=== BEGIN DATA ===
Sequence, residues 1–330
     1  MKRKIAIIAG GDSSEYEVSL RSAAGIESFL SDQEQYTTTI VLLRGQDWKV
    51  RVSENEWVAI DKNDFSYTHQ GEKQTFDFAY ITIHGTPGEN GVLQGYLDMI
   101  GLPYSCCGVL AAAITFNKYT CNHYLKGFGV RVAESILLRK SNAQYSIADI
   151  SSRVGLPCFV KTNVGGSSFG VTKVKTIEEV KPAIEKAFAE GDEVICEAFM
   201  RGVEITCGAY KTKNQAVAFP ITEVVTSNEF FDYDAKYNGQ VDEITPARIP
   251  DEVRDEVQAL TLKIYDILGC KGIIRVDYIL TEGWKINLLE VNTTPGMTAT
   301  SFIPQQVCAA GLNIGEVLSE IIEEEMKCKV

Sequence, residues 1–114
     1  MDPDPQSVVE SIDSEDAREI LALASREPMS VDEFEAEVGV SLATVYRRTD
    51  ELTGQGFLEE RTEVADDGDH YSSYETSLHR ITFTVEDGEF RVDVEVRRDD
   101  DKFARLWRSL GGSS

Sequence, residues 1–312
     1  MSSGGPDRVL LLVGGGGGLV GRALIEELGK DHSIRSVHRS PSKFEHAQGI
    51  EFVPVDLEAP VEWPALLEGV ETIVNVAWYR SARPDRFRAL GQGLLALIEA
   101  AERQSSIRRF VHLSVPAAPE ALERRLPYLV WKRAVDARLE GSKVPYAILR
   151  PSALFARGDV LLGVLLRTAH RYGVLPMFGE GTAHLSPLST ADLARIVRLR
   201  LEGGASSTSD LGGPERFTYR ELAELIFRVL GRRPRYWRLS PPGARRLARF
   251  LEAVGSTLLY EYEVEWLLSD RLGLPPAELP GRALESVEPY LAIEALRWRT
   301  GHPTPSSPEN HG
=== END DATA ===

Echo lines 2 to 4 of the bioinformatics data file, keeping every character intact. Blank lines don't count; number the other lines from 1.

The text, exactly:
     1  MKRKIAIIAG GDSSEYEVSL RSAAGIESFL SDQEQYTTTI VLLRGQDWKV
    51  RVSENEWVAI DKNDFSYTHQ GEKQTFDFAY ITIHGTPGEN GVLQGYLDMI
   101  GLPYSCCGVL AAAITFNKYT CNHYLKGFGV RVAESILLRK SNAQYSIADI